Asking an anxious why they don’t trust you rather than exploding at them every time you’re falsely accused is how both parties start to understand one another. Asking an avoidant why they won’t tell you about their childhood rather than crying about why they never open up to you is how both parties start to understand one another.
Communication and curiosity that is free of ego can bridge the gap between anxious and secure and between avoidant and secure, as both parties are able to calmly explore their patterns, the effects of their patterns on the relationships, and how those patterns can be changed for the sake of the relationship if necessary.
Effort towards this type of communication is what reflects a healthy relationship – maybe even more so than the behavior in the relationship in question.
Healthy Relationship: Conclusion
Amidst this communication, however, it’s important to be mindful of the fact that secure attachment can be very difficult to find and is not always a simple way of living for people, as much as they might want it to be.
Anxious and avoidant attachment, like anything else, is born of certain experiences that can be too complicated for our partners to just shut off. It’s also never too late for anxious and avoidant attachment to start, as any new strong experience can still happen.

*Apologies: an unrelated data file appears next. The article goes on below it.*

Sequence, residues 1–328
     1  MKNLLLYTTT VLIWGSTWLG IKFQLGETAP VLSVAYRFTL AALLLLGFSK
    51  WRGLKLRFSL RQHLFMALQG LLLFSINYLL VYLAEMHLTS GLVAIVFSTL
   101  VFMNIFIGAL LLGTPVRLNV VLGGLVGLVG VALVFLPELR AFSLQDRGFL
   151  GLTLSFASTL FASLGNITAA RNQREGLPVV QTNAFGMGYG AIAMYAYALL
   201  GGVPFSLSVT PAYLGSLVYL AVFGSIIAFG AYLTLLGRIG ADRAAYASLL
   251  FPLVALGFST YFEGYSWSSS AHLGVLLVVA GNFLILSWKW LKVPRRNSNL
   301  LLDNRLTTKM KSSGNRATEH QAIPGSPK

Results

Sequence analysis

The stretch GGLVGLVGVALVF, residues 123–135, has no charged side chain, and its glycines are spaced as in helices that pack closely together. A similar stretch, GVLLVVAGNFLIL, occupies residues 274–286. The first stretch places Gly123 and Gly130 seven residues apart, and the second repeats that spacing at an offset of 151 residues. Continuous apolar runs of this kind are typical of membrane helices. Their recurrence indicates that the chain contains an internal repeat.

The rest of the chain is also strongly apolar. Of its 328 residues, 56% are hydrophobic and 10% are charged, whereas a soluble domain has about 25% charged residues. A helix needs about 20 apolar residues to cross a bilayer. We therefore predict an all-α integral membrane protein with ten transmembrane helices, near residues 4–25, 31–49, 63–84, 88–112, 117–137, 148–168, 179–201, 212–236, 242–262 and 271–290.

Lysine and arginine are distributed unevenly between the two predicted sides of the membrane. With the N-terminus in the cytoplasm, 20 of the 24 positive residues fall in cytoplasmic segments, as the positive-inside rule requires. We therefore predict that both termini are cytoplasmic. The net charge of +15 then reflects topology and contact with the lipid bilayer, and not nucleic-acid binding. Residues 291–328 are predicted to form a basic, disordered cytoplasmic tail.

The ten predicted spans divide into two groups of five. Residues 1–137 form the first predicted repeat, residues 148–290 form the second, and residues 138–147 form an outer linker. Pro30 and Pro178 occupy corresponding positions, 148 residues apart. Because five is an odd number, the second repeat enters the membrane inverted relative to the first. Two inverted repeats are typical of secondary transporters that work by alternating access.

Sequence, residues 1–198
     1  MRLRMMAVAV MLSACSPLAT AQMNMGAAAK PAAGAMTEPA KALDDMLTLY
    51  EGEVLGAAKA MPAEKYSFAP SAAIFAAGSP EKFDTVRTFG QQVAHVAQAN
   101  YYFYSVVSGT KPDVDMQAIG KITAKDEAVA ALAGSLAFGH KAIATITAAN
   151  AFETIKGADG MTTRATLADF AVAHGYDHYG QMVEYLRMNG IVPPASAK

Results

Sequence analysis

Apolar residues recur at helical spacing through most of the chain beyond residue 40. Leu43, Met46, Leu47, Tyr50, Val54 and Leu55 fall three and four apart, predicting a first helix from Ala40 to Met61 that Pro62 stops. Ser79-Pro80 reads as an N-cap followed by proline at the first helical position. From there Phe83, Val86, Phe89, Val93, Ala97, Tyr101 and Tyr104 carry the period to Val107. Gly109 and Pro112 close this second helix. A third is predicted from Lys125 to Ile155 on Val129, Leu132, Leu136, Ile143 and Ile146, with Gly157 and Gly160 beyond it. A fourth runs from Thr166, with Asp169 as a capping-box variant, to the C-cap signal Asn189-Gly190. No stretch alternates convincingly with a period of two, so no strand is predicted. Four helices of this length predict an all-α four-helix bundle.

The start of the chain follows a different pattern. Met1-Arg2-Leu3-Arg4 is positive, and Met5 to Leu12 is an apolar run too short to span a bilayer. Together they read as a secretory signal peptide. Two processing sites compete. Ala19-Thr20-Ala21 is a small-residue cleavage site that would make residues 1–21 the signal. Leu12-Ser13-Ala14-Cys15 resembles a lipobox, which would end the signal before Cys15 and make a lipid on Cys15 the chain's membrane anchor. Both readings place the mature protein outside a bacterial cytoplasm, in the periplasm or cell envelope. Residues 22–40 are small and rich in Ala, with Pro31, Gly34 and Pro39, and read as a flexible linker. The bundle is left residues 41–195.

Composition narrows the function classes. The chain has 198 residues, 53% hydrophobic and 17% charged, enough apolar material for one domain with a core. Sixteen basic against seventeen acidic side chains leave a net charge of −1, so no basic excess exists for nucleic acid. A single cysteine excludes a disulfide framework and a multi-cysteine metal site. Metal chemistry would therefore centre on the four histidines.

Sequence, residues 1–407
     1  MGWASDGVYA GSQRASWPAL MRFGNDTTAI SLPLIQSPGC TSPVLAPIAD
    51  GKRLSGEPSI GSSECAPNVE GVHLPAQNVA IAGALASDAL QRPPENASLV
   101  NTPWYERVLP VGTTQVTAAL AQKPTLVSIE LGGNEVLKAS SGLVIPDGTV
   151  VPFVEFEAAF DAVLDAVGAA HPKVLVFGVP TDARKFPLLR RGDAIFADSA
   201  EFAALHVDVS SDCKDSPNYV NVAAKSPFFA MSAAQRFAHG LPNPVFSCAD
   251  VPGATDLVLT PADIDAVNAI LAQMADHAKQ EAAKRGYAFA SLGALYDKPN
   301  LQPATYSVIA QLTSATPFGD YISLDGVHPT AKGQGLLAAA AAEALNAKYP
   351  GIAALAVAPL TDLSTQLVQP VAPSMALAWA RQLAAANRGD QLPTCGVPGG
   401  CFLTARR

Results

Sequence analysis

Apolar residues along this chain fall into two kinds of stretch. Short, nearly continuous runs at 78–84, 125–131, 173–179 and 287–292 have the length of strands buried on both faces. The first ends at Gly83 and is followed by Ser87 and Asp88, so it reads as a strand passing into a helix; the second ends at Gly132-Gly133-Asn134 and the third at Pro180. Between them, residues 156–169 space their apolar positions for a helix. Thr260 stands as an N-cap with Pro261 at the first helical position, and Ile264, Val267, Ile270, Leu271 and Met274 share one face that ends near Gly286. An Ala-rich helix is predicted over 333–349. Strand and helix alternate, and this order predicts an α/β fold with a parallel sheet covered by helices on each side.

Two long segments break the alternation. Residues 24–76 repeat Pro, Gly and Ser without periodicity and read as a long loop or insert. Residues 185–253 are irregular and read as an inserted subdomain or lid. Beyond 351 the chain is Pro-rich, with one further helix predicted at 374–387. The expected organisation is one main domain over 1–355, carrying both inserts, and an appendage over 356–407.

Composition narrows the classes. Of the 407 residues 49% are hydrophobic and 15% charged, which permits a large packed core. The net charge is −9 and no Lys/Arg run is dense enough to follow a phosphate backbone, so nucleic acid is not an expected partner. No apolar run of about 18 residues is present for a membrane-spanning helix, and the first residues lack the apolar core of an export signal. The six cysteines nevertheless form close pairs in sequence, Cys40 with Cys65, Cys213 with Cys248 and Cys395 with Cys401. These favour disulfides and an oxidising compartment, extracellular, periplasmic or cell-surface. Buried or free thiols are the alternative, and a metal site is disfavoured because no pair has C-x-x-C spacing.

For example, you can’t really cheat on your partner and then be upset with them for becoming more avoidant or anxious. If you’re dating a late teen or someone in their early twenties, you also can’t expect them to be totally free of anxious attachment, either, as they probably haven’t come to fully understand their identities yet. So being aware of the natural ebbs and flows of life and relationship, and how those ebbs and flows affect attachment is of great importance, too.
Ultimately, experiences past and future alter our levels of attachment. And getting to the root of these experiences and how they affect our own (or our partners) attachment gives us a glimpse into why our attachment is the way it is and how it can become more secure and more healthy.
Another one in the books. This one kinda brought everyone back to psychology class a little bit, but that’s ok, nothing wrong with that. I sure hope it was of use to the viewer and to all of you who have had some curiosity about your own relationship dynamics.
If you still have questions, though, about that or anything else you need help with, you can email them to us at advice AT oldpodcast DOT com
Thanks again for tuning in and we sure hope you’ll be in for the next one. Until then, everyone.